The pumpkin patch becomes a place of mythic dread. You have to solve puzzles before you can reach it and when you do you find a little girl guarding the gates. Her eyes have been torn out and she has the body of a worm; she’s scared of Mother because Mother did this to her; more than that, she’s scared for you.
At the bottom of the village there’s a ring of children dancing around a large pumpkin, and as they dance they sing a song that drives you from them screaming, your hands covering your ears.
But the graveyard’s the worst place. The graveyard, where children shouldn’t be, where children shouldn’t play. Where you find Lumpy, a human wedge whose voice is garbled, whose head and face are sunk into his shoulders. He waddles about and is curiously upbeat, but his cheeriness adds to the revulsion. He’s less like a character designed for a video game and more like something ripped from Tod Browning’s Freaks. I expected him to point and chant “One of us!” at me, but what happened next was much worse.
You see, the children challenged me to a game of hide and seek. I accepted, and they split up and ran across the map in search of hiding places. One by one I tracked them down, but once I’d found them all and claimed my prize they told me I hadn’t found all of them, because I hadn’t found their ‘secret weapon’.
I talked to the other children in town about this ‘weapon’ and what it might be, and with mounting horror I realised the only child I hadn’t found and tagged was a little girl called Carol. I hadn’t found her because her father had beaten her to death a year previously, and because now she resided in the cemetery, beneath the hallowed dirt. In order to win this game of hide and seek I’d have to dig her up.
This isn’t a cartoony game. It isn’t caricatured. It’s grimy and it’s nasty, and by God, I didn’t want to excavate a little girl’s corpse. But that’s Sanitarium for you. Every step of the way you’ll question your sanity, not because you’re combining rubber chickens with pulleys, or trying to burst an inflatable rubber duck in some obtuse puzzle, but because it makes you do things like this. It makes you dig up dead children.
I did it, of course. And once I’d done so Lumpy, that little human nightmare, propped her up in the back of his Radio Flyer cart and wheeled her around town. She might have been dead, but she was still his friend. He still wanted to play with her.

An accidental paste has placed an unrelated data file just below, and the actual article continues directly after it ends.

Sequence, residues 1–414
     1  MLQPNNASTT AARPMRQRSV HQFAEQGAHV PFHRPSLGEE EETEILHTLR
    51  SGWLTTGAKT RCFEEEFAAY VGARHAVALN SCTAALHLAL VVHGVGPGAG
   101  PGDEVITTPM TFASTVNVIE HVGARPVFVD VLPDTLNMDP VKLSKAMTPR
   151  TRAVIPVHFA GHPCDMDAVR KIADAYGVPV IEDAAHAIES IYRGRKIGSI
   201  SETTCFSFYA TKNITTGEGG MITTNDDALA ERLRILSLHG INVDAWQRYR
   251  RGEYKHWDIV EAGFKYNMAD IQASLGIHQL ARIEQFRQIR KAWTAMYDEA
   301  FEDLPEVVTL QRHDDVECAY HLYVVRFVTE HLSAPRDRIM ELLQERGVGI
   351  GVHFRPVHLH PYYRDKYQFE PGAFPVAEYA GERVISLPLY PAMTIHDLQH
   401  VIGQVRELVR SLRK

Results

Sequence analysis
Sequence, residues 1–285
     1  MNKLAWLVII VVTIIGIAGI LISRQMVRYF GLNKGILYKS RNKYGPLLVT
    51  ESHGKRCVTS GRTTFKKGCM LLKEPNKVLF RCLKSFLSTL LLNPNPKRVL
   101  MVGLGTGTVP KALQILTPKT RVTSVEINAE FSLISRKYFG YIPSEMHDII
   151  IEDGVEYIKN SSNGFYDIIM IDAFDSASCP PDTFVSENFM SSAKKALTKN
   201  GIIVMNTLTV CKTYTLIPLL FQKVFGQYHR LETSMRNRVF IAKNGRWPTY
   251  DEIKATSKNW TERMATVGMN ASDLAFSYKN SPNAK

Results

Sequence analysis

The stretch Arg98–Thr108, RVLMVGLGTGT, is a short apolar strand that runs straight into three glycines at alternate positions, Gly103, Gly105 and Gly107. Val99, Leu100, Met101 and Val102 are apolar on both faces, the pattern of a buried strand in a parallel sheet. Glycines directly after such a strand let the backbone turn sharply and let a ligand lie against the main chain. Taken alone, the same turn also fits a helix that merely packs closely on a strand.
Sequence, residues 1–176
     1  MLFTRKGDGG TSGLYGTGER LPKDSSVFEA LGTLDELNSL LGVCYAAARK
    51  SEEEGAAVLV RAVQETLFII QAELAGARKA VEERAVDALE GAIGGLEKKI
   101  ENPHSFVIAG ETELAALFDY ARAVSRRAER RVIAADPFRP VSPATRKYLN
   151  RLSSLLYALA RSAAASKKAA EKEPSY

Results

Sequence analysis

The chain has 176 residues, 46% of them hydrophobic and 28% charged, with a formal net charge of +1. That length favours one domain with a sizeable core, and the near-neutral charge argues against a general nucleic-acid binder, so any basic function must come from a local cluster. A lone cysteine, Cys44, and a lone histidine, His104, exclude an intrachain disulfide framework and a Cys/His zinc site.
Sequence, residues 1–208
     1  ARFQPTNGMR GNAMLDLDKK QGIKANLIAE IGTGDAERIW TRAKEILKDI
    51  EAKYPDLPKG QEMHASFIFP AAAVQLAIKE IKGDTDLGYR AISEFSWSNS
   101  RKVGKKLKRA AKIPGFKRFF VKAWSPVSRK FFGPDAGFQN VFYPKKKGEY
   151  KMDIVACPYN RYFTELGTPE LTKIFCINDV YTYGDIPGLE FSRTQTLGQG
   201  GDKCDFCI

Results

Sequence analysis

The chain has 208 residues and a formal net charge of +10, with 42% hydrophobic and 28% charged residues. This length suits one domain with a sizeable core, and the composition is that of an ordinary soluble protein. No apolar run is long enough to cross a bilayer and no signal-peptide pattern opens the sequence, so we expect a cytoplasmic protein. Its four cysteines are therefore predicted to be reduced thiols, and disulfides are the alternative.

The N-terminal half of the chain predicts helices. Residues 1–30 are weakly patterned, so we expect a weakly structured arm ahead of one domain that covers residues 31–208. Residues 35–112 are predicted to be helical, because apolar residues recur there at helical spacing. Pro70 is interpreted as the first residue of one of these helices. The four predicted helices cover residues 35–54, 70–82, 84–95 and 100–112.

Over the course of that first story I found Carol’s diary charting her father’s abuse, and uncovered what happened to all the adults, and why the children were all deformed. I also solved a clutch of traditional adventure game puzzles, and while most of them were fairly straightforward I did on occasion have to go pixel-hunting. There was also an ill-advised action sequence when I finally braved the pumpkin patch - but none of this subtracted from the game’s atmosphere.
The truth is, I haven’t seen anything so inherently creepy in a game in years. Sanitarium comes from a bye-gone age of experimentation, where the rules as to what you could and could not include in a horror game were not yet set - but it might as well come from another dimension. The stories that influenced Sanitarium weren’t created to jolt popcorn from teenagers’ hands, but to give people of all ages sleepless nights. The artwork, voice acting and animation might be crude compared to modern games like Dead Space, but Lumpy’s sunken head and rambling gait as he stumbled around, dragging the foetid corpse of his friend behind him will remain with me longer than any of those identikit monster-closet scares. This is Shadows over Innesmouth. This is In the Mouth of Madness. This is The Lonesome Death of Jordy Verril and The Homecoming, and a thousand other stories of true horror that have been passed over in favour of phallic monsters and cheap scares.
And this is only the first story in Sanitarium’s macabre anthology. As the chapter ended I found myself back in the asylum courtyard, standing beside a patient wearing furry bear slippers, wondering if what I’d seen was only a delusion and if I was truly going mad.
One hundred minutes down and I’m certain Sanitarium will throw up further nightmares to unsettle my sleep. Frankly, I can’t wait.